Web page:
8 Alabama death row inmates ask to be executed by the gas of the nitrogen

Gas chamber


A lawsuit challenging Alabama’s lethal injection practice is expected to be dismissed after eight death row inmates on Tuesday asked to be killed by the nitrogen gas in the place.

Alabama is the third state for the execution of prisoners by nitrogen hypoxia as an alternative to the three-drug cocktail in its lethal injections.

The case was originally filed in 2012 by several death row inmates. Lawyers said the inmates’ claims challenging the status of the lethal injection process as inhumane are important now.

Alabama had previously performed executions by electrocution or lethal injection.

In March, Alabama added death by nitrogen to the list.

Nitrogen makes up about 78% of the air that people breathe. It is colorless, odorless and tasteless. Breathing in pure nitrogen causes oxygen in the bloodstream.

“Placed in a pure nitrogen environment, the prisoner would be unconscious within a minute (maybe even after a breath or two), and would be dead shortly after,” Charles Blanke, a medical oncologist and professor of medicine at the Oregon Health & Science University School of Medicine, said. “The failure rate, that is, in cases where the prisoner survives, it will probably be much lower than what we see with the current death penalty methods.”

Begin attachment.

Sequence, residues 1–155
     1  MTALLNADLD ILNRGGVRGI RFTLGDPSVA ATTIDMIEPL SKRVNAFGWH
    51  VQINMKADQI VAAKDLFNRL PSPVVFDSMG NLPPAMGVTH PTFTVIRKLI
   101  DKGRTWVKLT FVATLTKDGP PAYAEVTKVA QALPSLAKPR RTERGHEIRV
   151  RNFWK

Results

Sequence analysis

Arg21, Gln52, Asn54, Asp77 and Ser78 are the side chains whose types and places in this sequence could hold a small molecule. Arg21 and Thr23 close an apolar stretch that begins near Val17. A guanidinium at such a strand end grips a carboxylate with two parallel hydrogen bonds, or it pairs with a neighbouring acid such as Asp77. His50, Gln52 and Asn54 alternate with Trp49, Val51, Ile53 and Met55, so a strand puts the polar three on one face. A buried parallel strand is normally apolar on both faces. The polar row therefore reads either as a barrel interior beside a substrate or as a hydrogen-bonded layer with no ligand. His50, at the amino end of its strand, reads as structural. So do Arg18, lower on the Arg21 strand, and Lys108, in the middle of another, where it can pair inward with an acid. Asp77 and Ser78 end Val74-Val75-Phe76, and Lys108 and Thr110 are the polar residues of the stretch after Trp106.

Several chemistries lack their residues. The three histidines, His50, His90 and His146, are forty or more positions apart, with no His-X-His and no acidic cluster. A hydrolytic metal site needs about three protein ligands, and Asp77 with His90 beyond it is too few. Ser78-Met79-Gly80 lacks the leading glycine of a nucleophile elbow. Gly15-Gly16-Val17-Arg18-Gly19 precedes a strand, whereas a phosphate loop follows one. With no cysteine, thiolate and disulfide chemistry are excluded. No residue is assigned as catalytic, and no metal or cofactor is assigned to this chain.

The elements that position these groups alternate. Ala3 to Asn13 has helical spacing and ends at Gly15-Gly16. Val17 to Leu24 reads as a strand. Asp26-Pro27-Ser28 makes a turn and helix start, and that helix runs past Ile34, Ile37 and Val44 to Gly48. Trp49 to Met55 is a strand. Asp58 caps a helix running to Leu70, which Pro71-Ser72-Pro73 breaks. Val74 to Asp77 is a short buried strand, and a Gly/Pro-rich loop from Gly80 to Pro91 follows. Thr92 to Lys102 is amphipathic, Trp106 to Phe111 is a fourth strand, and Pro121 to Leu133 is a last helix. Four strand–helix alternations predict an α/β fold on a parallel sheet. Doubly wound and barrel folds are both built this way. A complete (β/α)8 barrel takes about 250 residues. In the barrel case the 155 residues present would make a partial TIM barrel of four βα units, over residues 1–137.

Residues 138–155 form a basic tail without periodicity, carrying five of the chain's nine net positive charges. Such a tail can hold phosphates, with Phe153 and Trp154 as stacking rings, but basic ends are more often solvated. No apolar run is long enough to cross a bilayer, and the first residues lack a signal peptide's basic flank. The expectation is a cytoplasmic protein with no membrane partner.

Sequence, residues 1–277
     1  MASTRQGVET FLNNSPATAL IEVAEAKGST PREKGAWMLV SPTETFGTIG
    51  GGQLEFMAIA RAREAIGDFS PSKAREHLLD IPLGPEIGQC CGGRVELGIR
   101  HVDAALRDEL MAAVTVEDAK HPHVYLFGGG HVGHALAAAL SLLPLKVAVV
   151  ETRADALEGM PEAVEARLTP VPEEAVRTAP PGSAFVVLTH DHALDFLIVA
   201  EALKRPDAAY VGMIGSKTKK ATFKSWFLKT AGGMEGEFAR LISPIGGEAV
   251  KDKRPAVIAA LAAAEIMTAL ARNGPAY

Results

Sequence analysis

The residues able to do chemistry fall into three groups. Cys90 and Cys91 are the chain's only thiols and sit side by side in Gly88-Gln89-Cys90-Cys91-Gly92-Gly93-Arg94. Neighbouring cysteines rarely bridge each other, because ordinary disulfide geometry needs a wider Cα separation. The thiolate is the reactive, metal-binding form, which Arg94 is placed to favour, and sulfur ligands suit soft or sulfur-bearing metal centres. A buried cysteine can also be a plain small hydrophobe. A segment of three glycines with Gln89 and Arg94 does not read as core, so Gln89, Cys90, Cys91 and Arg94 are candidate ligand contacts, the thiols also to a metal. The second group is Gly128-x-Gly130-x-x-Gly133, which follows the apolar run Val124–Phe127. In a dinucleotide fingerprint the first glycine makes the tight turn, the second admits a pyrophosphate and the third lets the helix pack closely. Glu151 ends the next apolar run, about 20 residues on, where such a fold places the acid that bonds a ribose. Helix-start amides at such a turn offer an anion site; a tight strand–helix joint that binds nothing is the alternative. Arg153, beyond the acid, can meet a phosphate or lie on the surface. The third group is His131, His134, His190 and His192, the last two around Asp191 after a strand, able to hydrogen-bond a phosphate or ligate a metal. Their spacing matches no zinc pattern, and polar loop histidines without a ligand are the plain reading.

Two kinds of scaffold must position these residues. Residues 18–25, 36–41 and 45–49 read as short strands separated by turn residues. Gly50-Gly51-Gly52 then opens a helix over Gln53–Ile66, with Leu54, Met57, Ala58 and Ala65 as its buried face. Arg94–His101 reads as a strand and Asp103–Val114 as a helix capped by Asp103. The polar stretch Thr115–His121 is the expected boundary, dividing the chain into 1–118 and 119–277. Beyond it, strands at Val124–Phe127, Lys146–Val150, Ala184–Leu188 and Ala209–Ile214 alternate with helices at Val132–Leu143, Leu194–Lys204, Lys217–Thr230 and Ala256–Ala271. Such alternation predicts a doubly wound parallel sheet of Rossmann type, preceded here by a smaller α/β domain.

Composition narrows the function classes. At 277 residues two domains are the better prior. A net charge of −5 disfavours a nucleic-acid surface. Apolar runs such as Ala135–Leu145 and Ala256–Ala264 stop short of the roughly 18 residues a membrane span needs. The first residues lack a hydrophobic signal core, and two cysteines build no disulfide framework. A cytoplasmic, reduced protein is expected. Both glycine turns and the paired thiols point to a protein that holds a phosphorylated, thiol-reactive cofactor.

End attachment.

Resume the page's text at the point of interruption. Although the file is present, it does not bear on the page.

There is no scientific data about the execution of people with nitrogen gas, and some experts worry that using the tested method can cause more problems.

“If prisons forced prisoners to wear a tight fitting mask, would this increase the feeling of suffocation? Would they still leak? Or, would an entire room must be filled with pure nitrogen? Would accidental dilution with oxygen-containing air in the space (mask or chamber) to slow down or even prevent the death, leaving the inmates in comas or brain damaged?” White asked.

Although legal, no state has made use of the method, but still.

Robert Dunham, executive director of the Death Penalty Information Center, said it may take some time before the inmates see a death chamber with nitrogen.

“At least the prisoners who have opted for the nitrogen gas over lethal injection, there is no executions until Alabama has an approved nitrogen gas protocol. It will take time for that to happen and, because the gas protocol will also be untried, it will face its own set of legal challenges,” Dunham said.

Dunham added the eight Alabama inmates can also “prefer the unknown risks of nitrogen hypoxia to the well-known risks” of the lethal injection drugs, while Alabama need to litigate the lethal injection issue, by the voluntary dismissal of the case.

The Associated Press contributed to this report.

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